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Hannah Weinberger

You can just reach for me

Sep 09, 2017

Nov 12, 2017

The solo exhibition You can just reach for me of the Swiss artist Hannah Weinberger presents video and sound works specifically developed for the Kunstverein’s Remise as well as a performance which unfolds over the exhibition’s duration: musicians from Braunschweig will perform unannounced in the Kunstverein’s front courtyard, creating an acoustic backdrop. Street, concert, and hobby musicians have all been invited to perform and improvise in their own styles. This method of collaboration and participation can often be found in Hannah Weinberger’s artistic work. Here the artist is interested in relinquishing control and moving beyond hierarchical working structures: Whereas she was usually present in her earlier performances, cooperating together with a network of friends and colleagues, she has composed a mood score for the work in Braunschweig. Consisting mostly of adjectives, this atmospheric score serves as both an introduction to and connective element between the various musical contributions. Starting with the idea of street music being a practice of musical and social exchange in public space, Hannah Weinberg produces an analog counterpart to digital platforms like Youtube, iTunes, and Spotify.

In her site-specific installations, Hannah Weinberger brings together video, sound, and performance in order to create immersive processual spaces which conceptually integrate the viewer. The visual and aural layers of her work are mostly drawn from her archive of field recordings. Bustling squares, neon signs, underwater worlds in aquariums, public museums, architectural details, footage from train windows, an accordionist on the sidewalk, a park—these are the images and sounds that Hannah Weinberger records in various cities. The settings are non-places like airports, train stations, city centers, and zoo facilities; the scenes, familiar everyday moments whose omnipresence have made them almost interchangeable. Together they produce a unique space between public and private spheres: On one hand, the images and sounds seem as arbitrary as stock photos or presets—prefabricated images or preinstalled musical settings which are used for commercial purposes and often serve as emotional placeholders. On the other hand, they exude a high degree of familiarity and evoke subjective experiences and memories. Hannah Weinberger deliberately eschews chronological narration in her works and instead prefers to edit her footage together asynchronously in order to evoke highly individual associations from viewers, activating both individual and collective visual memory in the process. The non-linear relationships between memory, images, and time in a mediatized society are what interest the artist. Through adding supplementary layers of sound—like recordings from the urban landscape and the artist’s improvised singing—Weinberger strengthens the effects of the original images and gives them new, and at times even irritating, significance.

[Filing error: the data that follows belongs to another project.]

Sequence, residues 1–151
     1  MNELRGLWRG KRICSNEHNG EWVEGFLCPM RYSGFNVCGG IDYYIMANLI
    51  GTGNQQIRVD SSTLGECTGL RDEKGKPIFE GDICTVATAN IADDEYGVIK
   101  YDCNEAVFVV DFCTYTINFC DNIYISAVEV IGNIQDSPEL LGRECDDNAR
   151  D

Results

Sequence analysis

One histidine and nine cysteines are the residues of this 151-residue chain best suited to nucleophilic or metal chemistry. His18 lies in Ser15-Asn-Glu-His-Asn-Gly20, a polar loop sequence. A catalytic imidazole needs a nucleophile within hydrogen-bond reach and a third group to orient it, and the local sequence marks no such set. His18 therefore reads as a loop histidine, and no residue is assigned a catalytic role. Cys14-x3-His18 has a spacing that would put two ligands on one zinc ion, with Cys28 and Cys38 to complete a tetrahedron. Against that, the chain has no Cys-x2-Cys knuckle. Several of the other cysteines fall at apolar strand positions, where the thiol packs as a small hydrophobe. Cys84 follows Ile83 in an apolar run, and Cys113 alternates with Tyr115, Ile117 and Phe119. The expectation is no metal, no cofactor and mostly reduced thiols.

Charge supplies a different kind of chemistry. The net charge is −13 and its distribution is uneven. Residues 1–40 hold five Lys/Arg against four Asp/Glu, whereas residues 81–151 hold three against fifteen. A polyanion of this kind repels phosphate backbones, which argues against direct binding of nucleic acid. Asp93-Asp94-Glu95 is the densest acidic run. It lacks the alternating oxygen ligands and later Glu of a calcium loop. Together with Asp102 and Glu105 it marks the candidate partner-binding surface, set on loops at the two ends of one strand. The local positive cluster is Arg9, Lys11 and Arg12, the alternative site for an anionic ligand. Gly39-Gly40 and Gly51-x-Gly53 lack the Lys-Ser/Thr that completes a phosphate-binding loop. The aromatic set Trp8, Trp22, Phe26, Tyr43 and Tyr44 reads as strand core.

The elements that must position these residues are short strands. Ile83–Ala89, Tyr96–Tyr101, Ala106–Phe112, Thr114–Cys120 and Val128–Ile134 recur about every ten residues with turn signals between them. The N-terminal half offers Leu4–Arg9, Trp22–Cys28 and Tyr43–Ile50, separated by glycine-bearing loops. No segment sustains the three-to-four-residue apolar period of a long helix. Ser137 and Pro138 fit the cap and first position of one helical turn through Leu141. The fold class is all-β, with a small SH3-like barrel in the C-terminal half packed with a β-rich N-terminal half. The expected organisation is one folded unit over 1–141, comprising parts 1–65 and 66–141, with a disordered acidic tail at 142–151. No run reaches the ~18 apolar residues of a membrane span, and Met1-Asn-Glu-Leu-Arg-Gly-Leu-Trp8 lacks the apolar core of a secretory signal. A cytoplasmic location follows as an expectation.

Since the rooms in the Remise are only partly darkened by white curtains, the view both inward and outward remains partly preserved and changes according to the natural lighting situation. The courtyard and the interior are to be taken as a whole, much like the various elements of the installation which are brought together into a single work. You can just reach for me—both the title of the exhibition and the work itself—reads like an unredeemable promise in a society where virtual communication is ever faster and omnipresent but also more noncommittal and fragmentary as a result.

As part of the exhibition, there will also be a publication in which a virtual dialogue between Hannah Weinberger, Nikola Dietrich, Scott Cameron Weaver, Tenzing Barshee, and Miriam Bettin will address issues surrounding contemporary communication, friendship, and network society.

Hannah Weinberger
You Can Just Reach For Me, 2017